Wednesday, February 02, 2011

Lucy in the sky with Darbari Kanada

A lot of people do not choose to attach a genre to their favorite music simply because of a seeming disparity observed sometimes. "I just like to listen to anything good that my friends bring to me". Cool. My girlfriend once told me that she has an eclectic taste in movies. She likes Big Fish, Edward Scissorhands, Sleepy Hollow, Sweeney Todd and The Nightmare before Christmas. I suggested to her that she probably would like the Corpse Bride too, because she just described every trademark Tim Burton movie this side of Batman (Interestingly she had never bothered to check on who the maker in every one of these movies was). The point is sometimes it can be fun to explore what common thread links your taste, just so you can explore better on your own and find new treasure.
However some threads are a bit more elusive that just a surprise common maker. I have always identified two broad genres to define my primary taste in music - heavy metal (with its allies - grunge and punk) and carnatic classical music. Yeah, Metallica and MS, Nirvana and nadaswaram. There is something of a superficial disparity in the matter but I insist that it is not difficult to pick up the general equation to this. I will use the Chala Nattai raga as an example in this.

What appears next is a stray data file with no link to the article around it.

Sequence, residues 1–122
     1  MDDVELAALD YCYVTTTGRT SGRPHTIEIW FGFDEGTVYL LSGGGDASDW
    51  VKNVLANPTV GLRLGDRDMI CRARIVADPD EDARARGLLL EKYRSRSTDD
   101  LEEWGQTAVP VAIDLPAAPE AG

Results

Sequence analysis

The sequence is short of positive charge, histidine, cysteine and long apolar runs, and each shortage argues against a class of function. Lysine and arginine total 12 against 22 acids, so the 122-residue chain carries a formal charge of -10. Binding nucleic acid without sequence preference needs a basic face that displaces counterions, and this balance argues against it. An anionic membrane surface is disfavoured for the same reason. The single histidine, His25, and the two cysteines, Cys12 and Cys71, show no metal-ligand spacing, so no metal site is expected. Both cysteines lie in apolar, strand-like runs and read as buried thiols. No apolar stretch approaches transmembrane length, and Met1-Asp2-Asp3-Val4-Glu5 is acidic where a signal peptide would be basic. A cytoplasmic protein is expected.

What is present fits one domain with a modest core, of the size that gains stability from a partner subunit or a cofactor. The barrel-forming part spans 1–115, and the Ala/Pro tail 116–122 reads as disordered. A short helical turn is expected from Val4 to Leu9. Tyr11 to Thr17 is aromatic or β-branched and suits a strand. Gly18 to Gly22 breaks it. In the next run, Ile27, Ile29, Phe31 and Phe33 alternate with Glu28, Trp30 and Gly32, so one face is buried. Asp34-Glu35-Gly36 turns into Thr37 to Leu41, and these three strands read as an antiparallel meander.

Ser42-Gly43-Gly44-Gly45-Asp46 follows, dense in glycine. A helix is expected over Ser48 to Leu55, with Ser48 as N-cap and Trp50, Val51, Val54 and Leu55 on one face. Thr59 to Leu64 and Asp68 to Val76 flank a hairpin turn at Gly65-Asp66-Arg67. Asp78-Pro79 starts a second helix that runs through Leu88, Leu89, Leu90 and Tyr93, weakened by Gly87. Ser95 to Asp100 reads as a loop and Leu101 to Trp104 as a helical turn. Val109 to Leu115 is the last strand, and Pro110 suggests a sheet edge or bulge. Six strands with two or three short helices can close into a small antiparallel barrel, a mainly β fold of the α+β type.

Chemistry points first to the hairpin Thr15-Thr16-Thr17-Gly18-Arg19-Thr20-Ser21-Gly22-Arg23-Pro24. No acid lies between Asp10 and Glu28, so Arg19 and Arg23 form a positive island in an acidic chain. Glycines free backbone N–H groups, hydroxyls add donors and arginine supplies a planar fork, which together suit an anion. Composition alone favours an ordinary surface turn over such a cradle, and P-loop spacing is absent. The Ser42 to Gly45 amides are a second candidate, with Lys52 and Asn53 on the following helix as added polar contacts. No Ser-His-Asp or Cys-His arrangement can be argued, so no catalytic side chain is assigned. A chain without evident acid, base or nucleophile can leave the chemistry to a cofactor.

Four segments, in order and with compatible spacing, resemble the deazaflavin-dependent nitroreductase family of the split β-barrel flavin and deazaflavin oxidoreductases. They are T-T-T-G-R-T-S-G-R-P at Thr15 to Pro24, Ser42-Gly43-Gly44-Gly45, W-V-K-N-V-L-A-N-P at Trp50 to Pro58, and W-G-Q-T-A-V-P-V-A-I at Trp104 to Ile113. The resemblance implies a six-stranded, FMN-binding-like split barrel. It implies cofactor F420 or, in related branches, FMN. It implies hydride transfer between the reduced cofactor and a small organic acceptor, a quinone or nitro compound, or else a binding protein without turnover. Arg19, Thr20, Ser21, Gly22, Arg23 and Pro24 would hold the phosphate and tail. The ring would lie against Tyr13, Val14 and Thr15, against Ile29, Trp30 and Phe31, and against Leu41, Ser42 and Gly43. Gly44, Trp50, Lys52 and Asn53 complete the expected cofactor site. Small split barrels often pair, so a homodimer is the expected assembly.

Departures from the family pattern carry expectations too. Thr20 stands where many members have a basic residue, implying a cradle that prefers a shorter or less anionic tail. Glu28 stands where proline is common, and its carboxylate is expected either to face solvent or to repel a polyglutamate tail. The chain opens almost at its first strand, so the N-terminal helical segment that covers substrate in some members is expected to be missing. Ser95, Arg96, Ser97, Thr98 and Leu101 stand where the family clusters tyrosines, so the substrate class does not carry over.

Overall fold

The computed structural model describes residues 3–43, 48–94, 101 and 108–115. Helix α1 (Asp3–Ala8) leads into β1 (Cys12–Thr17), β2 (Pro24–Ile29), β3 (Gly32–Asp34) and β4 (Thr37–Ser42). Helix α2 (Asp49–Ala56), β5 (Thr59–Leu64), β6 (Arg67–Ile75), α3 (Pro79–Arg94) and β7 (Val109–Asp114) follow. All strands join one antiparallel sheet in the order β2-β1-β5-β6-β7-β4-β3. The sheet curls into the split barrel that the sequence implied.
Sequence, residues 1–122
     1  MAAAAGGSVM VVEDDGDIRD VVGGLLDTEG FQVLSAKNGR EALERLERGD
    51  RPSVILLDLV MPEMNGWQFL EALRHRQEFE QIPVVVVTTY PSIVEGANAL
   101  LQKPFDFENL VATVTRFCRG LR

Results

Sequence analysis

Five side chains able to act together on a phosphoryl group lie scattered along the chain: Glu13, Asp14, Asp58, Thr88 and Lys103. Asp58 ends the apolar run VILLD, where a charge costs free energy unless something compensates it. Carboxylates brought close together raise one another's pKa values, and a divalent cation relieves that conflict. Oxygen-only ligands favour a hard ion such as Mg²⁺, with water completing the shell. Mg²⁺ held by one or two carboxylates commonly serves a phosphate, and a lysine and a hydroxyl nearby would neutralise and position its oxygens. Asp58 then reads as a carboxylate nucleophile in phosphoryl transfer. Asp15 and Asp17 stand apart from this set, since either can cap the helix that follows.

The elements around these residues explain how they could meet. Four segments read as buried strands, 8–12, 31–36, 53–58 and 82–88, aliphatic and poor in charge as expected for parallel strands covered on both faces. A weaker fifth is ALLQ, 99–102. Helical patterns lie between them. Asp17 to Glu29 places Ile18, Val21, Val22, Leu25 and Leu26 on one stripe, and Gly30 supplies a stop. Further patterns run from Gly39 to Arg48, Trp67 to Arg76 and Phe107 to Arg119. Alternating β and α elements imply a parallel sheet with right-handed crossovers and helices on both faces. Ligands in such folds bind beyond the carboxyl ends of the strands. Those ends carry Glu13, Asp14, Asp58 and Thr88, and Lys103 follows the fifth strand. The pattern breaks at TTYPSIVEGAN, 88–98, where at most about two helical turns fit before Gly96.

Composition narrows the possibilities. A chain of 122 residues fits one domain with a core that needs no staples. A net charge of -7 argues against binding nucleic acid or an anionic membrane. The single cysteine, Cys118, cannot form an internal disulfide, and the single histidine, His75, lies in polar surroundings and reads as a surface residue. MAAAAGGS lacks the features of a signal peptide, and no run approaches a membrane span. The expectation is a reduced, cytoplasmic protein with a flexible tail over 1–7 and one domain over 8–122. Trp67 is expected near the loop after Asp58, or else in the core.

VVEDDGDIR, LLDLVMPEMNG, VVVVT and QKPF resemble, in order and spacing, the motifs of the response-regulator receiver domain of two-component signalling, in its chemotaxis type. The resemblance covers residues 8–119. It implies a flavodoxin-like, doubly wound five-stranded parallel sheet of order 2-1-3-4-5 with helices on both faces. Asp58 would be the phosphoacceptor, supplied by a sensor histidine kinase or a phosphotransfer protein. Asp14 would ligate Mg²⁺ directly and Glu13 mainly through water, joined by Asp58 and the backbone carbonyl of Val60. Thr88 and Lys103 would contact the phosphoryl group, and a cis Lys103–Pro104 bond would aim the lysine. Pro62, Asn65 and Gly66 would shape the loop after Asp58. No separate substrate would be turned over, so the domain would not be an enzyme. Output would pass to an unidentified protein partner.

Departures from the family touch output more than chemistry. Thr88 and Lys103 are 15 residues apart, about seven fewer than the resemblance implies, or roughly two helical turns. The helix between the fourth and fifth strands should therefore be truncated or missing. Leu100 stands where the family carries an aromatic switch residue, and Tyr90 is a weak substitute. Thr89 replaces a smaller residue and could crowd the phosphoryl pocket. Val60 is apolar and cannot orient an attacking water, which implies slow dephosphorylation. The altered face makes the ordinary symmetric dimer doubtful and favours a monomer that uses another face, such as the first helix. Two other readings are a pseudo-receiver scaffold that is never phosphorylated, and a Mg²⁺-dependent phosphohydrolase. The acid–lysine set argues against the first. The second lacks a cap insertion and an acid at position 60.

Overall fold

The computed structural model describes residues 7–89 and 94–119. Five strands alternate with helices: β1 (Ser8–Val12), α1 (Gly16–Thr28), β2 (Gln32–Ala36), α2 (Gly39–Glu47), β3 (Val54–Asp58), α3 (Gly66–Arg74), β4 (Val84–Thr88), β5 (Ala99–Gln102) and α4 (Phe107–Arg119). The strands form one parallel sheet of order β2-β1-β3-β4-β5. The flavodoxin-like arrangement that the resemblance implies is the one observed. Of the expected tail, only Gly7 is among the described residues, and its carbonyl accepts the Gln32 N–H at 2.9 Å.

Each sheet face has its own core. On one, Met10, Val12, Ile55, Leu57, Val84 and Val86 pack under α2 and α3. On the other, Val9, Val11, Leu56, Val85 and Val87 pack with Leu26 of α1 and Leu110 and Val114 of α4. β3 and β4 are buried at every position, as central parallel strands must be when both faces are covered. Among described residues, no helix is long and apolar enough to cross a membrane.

Here is a standard carnatic classical piece in Chala Nattai. Ilayaraja has been a genius in the use of this raga here and here. A. R. Rehman added some Oscar glory to this (and this) and world audiences noticed. Some more work from "machans" Shankar, Ehsaan and Loy gave them stardom. Finally some talented youngster came up with this and we have hit mainstream psychedelic rock. So what has really changed beyond the beat and some mucus in the voice?

What was psychedelic rock when Black Sabbath and Led Zep started was derivatized to metal after gaining blues rock influences. A decade or so later Grunge was created. And that, is the linking thread.

Waitaminnit!? Am I daring to reduce pure carnatic music to something that people listen to while smoking pot? Is that all carnatic music is? Psychedelic rock? No. But it is definitely psychedelic! And that is what I am talking about. Every so-called rock song composed by Ilayaraja, who had such profound carnatic influences in all his songs, has been a bluesy psychedelic rock piece.

So, fellow explorers, stereotyping (if that be the word for it) may not always be a bad thing if it allows you to identify and understand some fundamental links in the theory of music to make one a better listener. Listening to music is after all, an art.


Q said...

Nice, Bala. I agree 100%. Listening to music is an art.

firstmonsoon said...

I struggled with this last week while updating my Facebook profile for the first time in years (I had a lot of time and was physically incapable of doing much else :P ). I shall keep your last sentence in mind.

Q said...

Dude, I <3 Corpse Bride.